By Michael E. Miller
By Ryan Yousefi
By Kyle Munzenrieder
By Sabrina Rodriguez
By Michael E. Miller
By Carlos Suarez De Jesus
By Luther Campbell
By Kyle Munzenrieder
And While We're on the Subject of Bad Raps
Here's a modest proposal for our hip-hop friends: To the whining, talentless hip-hop "artists" who are incessantly complaining about this alleged surveillance by The Man: Who gives a shit if they're building files on you? You built your farcical lives around your tough talk, wannabe-gangsta attitudes, ten-pound gold chains, and tricked-out, tinted Navigators, being oh-so-smoove holding that pistol sideways on your album cover -- and now you're surprised you actually got the attention you so craved?
Shut the fuck up about it. Or better yet, shut up entirely and spare us any more of your shitty music.
The Laws of Love
If Jay Love were county mayor, first thing he'd do is nix every law that cost him a penny: I just finished reading Tristram Korten's column on county mayor candidate Jay Love ("To IRS With Love," May 27) and would like to bring an omission to the attention of Mr. Korten and his readers. Mr. Korten's coverage of Jay Love's IRS problems gives Miami-Dade County voters a small taste of what to expect if Love is elected mayor. While ignoring the United States Code by not paying taxes is noteworthy, it is not the only solid example of Mr. Love's willingness to skirt the law for his own pecuniary benefit. For another prime example all you have to do is take a sniff of his well-known Kendall-area restaurant, Hooligan's.
You may not know this, but Hooligan's is one of the only restaurants in Miami-Dade County that serves food and allows cigarette smoking despite a statewide ban on smoking in restaurants. How is this possible, you might ask? Is Mr. Love's establishment exempt from the law that was passed by an overwhelming majority of Florida voters, many of whom are residents of the very county that Love seeks to lead? No, he is not exempt, although he meritlessly claims to be. This great state has repeatedly advised Mr. Love to disallow smoking in his eating establishment and he has repeatedly ignored the state's demands.
Since banning smoking in restaurants is not good for business, Mr. Love has decided to ignore state regulators and the voters who gave them authority to ban smoking in restaurants. This sort of logic seems to be par for the course for this mayoral candidate, who, according to the IRS, is also unwilling to contribute his rightful share of income taxes. Hell, if it isn't good for Love's bottom line, why should he comply with the law? If banning smoking in Hooligan's is going to decrease sales and business, then smoke up. Who cares what the voters want, anyway. If paying taxes means you will have less money to spend playing politician while getting free press for your restaurant, then don't pay 'em. This seems to be Mr. Love's take on things.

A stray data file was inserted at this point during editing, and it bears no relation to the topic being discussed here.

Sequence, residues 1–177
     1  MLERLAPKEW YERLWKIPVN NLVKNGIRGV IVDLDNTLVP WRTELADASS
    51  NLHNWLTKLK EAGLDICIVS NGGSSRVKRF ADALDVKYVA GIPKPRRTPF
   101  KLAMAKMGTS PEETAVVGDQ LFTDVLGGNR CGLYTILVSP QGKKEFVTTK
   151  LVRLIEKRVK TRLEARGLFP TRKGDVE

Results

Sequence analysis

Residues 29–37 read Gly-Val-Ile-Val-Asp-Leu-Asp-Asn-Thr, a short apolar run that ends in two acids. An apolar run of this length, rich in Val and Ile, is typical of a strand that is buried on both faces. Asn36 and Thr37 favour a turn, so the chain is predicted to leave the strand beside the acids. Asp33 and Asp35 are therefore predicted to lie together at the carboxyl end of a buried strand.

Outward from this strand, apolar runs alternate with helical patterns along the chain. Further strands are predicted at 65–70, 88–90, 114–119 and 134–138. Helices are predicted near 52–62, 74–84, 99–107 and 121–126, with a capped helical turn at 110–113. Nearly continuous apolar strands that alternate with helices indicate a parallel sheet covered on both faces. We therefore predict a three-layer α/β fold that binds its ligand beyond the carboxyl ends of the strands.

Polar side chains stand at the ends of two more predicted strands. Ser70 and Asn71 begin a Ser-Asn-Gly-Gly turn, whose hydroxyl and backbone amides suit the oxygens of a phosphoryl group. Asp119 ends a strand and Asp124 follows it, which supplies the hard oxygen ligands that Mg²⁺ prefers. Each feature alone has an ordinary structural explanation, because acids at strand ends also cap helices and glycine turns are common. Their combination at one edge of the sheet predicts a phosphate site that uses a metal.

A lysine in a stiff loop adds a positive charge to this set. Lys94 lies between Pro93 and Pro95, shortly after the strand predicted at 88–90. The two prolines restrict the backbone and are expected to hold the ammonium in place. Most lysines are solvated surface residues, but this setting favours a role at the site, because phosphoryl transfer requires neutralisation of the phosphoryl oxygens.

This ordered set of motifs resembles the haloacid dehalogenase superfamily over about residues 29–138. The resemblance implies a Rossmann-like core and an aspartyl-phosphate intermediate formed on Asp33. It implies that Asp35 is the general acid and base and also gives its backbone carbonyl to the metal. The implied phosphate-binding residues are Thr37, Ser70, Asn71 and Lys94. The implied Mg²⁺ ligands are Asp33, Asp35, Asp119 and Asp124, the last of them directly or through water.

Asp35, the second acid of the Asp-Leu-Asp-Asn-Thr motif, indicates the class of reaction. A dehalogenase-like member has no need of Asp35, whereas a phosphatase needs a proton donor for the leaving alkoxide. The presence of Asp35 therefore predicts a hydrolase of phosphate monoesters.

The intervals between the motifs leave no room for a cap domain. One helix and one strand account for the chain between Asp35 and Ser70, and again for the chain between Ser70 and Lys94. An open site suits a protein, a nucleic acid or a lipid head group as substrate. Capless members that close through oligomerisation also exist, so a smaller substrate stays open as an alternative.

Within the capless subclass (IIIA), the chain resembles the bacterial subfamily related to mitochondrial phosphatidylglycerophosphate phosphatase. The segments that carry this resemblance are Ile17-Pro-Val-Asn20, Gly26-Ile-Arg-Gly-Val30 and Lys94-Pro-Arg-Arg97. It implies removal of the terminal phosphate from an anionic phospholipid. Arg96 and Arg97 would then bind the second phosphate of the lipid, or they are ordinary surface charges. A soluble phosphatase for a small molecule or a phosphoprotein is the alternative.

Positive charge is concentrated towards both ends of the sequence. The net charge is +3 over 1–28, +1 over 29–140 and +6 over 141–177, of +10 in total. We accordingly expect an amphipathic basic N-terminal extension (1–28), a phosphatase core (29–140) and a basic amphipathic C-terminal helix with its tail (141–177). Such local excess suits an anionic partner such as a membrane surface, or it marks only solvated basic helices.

I for one will not be complicit in putting a scofflaw into the county's highest position. I can only wonder what this place will look like if Jay Love is elected mayor. Who knows, perhaps we would be better off. Hell, who wouldn't be better off if they didn't have to adhere to state regulations or pay their share of federal income tax?
Jay's allegedly questionable record as a businessman: Apparently Jay was savvy enough to arrive in Miami virtually penniless and subsequently build up a successful four-restaurant chain. Doesn't that require just a tad bit of business acumen?
Jay's tax issue with the IRS: Thousands of individuals and businesses in the U.S. are audited each year by the IRS. Many of these audits result in discussion and negotiation between the taxpayer and the IRS. Many of these issues represent differing interpretations of the tax code and/or arcane accounting technicalities. Many such audits and negotiations end up in favor of the taxpayer. Jay's case was settled out of court, as are many such tax cases. So what? Get over it. You might be audited one day, Tristram. Are you certain you're "on good terms with the IRS"?
Lien on Jay's house: IRS liens on taxpayer property pending resolution of tax issues are not uncommon. When the Miami Lakes Hooligan's began to fail (not of Jay's doing but rather after he sold the business, it might be reiterated), Jay was placed in the difficult position of trying to save it. He was, after all, the guarantor. In doing so, he put his personal assets at risk. Again, so what? The case was settled out of court.
Chapter 11 bankruptcy filing: It's called "damage control," idiot. Many capable and successful people have been placed in untenable financial situations not of their own making. It's important to point out, for example, that Abraham Lincoln filed for bankruptcy in 1833, but subsequently became one of this nation's greatest presidents. Would you accept Lincoln as a viable candidate for public office?